Like

      • DaringGreatly
        July 21, 2014 at 3:05 pm

        Hey AG thank you for your reply… I know you were unwell and a busy bee with writing new material so no worries about timing ok….

        My friend and I are on good terms again but to be honest I am a tad cagey. I am working on trying to be really aware when I am in a child state and not reacting from that place.. I am trying to pause….then call the adult part of me to take care of the child… I have rebelled against this for years but after the last few weeks I have had to surrender to this and the possibility that there is an adult in me who is well able to take care of herself and the child. I am trying to re-parent myself.. Not easy and I know it will be slow but there will be gradual change. I will ask my friend to have a read of this as well I’m sure it will explain why I go a little ‘needy’ well a lot needy sometimes…

        I feel very cagey towards my T as well, I know it will be ok though. I feel very angry towards him at the moment (he doesn’t know 😉 say nothing). Have you heard of Transactional Analysis? My T is working with me in trying to get me from a constant child state to a more balanced Adult state (see above) I find it so difficult but I am sure it will be worth it in the long run..

        Thank you again AG take care..

        Like

    • July 21, 2014 at 2:19 pm

      DaringGreat, I am in a similar situation with basically one friend and I actually shared this blog post with her to explain what I’m dealing with. If you feel like you can share this with your friend it might help. I recently send my friend a stupid email that came from my insecurity, and after some apology and damage control, she forgave me and we are ok now. I think her knowing what I’m dealing with helps. Also, does your name come from Brene Brown’s book?

      Like

      • July 21, 2014 at 3:11 pm

        Hey Judy75, thank you for your post…

        yes my name comes from Brene Brown’s book.. I love her work.. I went to see her in London and she was just brilliant… When I am experiencing fear I try and dare greatly… I dare greatly in counselling as well I have been very honest about my Transference feelings best work I have done in years….

        My friend and I are on good terms again… Trying to practice pausing before I acting… Thanks again…

        Liked by 1 person

  40. July 20, 2014 at 11:26 am

    I think I read through more than half of your posts yesterday… This one in particular makes me want to cry. Mostly because of my own attachment issues and the thought (actually the reality) that I will never interact in a healthy way with anyone. I open up every now and then only to push everyone away. Ughh, not much more I can say.

    Like

    • DaringGreatly
      July 20, 2014 at 6:00 pm

      Hey A, thats how I feel a lot of the time scared to interact with people as I don’t want to hurt them with my incessant need to have them. All or nothing sometimes hard to find to middle ground. I have to say I hate being consumed with constant thoughts and chatter about my T and my friend in my head. It is definitely an obsession at the moment, crazy I know…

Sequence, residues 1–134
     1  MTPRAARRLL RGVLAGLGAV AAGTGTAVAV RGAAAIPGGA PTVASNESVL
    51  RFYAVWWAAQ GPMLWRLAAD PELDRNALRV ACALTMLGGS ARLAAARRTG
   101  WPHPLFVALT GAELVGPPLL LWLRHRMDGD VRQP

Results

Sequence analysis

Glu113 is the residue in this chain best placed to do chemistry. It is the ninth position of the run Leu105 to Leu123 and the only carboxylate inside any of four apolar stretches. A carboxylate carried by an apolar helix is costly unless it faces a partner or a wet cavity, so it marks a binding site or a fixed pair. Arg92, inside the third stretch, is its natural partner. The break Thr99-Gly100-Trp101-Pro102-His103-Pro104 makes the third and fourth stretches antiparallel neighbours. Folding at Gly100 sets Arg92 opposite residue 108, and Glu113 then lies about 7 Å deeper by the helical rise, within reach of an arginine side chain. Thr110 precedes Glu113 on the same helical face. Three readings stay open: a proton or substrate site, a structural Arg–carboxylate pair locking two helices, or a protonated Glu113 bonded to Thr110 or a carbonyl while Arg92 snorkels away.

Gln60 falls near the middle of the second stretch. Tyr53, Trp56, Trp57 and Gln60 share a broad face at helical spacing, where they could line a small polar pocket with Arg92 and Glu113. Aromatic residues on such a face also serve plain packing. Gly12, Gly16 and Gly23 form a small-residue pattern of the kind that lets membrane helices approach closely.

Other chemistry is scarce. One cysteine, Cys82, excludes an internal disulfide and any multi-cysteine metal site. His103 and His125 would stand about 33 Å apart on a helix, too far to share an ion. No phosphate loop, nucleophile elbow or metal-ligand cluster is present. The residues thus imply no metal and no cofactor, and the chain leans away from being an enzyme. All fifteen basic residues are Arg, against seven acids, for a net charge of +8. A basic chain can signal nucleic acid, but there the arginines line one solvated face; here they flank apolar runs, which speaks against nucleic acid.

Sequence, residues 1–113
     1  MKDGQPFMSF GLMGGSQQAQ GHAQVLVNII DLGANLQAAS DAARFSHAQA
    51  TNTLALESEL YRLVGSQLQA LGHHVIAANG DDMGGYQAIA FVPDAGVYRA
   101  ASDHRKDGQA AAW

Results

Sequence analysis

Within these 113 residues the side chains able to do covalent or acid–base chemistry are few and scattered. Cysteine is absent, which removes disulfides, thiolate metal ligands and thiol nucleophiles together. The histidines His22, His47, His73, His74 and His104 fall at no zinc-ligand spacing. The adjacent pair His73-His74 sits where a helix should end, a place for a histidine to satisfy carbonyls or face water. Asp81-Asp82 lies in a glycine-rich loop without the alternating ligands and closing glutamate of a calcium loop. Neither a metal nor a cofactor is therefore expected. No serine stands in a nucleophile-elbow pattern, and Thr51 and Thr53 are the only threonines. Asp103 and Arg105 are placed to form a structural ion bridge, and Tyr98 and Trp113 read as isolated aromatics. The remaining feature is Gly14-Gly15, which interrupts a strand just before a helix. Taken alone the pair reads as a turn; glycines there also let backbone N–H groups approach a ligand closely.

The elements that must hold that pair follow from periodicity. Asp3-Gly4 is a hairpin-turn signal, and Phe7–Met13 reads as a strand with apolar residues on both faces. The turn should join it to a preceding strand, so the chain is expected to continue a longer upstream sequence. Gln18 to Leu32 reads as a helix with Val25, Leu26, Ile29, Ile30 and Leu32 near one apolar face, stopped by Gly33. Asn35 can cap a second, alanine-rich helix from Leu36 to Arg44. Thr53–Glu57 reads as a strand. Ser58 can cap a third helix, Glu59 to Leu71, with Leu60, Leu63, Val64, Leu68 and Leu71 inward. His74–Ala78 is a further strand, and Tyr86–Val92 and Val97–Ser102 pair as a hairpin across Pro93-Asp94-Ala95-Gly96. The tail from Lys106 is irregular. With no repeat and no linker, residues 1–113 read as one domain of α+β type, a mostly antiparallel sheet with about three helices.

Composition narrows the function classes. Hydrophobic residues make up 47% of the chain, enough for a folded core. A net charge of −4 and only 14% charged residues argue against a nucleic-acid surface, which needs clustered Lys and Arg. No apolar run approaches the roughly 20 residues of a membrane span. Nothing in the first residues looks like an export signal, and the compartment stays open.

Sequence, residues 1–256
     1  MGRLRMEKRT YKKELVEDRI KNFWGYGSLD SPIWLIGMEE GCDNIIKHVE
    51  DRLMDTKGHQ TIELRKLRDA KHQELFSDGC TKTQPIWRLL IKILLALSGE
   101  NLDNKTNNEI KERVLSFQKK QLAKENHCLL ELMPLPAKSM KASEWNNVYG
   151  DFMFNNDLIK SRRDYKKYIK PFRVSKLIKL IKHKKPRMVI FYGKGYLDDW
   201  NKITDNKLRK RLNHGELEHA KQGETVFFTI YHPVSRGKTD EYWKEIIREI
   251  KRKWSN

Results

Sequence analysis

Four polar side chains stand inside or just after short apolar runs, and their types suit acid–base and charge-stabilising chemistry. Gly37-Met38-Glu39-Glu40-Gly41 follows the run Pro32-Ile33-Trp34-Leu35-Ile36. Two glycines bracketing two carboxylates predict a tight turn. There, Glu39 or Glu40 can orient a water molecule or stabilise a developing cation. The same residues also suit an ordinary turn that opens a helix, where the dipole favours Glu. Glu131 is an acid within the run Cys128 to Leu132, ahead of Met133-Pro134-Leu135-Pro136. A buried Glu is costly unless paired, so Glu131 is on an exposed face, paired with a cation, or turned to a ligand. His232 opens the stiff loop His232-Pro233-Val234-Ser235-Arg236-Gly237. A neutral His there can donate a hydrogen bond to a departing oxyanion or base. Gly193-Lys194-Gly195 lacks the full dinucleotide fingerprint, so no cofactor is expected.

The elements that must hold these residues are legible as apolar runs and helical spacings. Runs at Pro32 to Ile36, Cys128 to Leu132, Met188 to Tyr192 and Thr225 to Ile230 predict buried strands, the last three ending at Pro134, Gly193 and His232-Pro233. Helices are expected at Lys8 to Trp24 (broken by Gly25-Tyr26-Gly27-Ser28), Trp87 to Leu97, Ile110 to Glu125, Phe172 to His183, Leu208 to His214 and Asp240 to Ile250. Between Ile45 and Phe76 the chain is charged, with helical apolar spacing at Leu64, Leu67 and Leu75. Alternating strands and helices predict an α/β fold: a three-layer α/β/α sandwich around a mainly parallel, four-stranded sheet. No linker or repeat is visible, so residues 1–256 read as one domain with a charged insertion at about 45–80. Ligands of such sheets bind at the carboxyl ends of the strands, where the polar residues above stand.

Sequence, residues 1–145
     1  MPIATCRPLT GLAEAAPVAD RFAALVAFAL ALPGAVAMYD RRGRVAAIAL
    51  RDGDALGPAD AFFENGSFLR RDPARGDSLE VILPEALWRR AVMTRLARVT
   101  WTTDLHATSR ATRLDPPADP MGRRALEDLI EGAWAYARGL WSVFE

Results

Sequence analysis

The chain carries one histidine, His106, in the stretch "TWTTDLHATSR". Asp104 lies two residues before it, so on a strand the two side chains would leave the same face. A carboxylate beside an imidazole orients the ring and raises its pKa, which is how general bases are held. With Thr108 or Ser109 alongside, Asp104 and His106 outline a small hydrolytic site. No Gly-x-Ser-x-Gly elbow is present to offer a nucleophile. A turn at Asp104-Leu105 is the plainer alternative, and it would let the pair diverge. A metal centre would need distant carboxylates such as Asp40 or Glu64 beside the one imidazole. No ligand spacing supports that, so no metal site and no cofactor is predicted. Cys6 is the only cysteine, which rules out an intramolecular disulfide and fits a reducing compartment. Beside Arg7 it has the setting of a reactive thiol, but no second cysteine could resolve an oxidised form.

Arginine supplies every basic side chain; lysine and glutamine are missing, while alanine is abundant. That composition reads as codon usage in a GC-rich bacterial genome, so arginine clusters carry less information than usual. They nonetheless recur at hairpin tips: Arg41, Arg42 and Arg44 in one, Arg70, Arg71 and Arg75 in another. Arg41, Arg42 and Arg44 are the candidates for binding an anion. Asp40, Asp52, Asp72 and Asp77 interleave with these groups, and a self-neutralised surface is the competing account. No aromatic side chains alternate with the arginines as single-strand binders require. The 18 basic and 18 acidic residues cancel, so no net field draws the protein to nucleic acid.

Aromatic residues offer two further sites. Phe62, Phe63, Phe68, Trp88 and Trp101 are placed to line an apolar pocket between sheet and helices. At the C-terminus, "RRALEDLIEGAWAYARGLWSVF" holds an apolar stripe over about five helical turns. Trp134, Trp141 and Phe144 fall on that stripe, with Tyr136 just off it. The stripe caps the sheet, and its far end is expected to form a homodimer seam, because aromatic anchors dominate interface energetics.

Like

      • July 20, 2014 at 6:04 pm

        Actually not do crazy LoL, I can relate all too well

        Like

        • DaringGreatly
          July 20, 2014 at 6:10 pm

          Good to hear it’s not ‘to’ crazy 🙂 lol

          Like

    • July 21, 2014 at 11:34 am

      Ambivalence,
      Welcome to my blog and thank you for commenting (I also appreciate you bringing to my attention the fact that DG’s comment above had not been answered. 🙂 ) You are a strong and persistent woman if you managed to read that much of my blog in one day as I have never been known for being taciturn. 🙂

      I hate to start our relationship off with a disagreement, but I beg to differ. 🙂 It is not a reality that you will never interact in a healthy way with anyone. (I do understand how and why you feel this way; I believed the same about myself at one time.) The point of what I wrote here, which is what I believe to be the truth, is that we are not fundamentally flawed, but that we experienced development gone awry. Our behaviors were created by trying to survive not getting what we needed from our caretakers (and at a time when it was a matter of life and death). Survival strategies are just that, in order to survive. You live first, then worry about happy and healthy later. There are very good, valid reasons for why we learned to behave the way we did. Those behaviors no longer serve us well because we have left those situations. The point of therapy is to have a safe place, where your unconscious beliefs and behaviors can be brought into the light so you can understand what you are doing and why you are doing it and make the changes you wish to. Being in therapy is also a chance to complete the developmental steps we were unable to because we were not given what we needed. Our brains always maintain their plasticity, so you are not doomed to live out your life using the bad relationship skills you learned early in life. We can, and do, heal and change. While it is painful, difficult work, it IS possible work. Don’t give up hope. ~ AG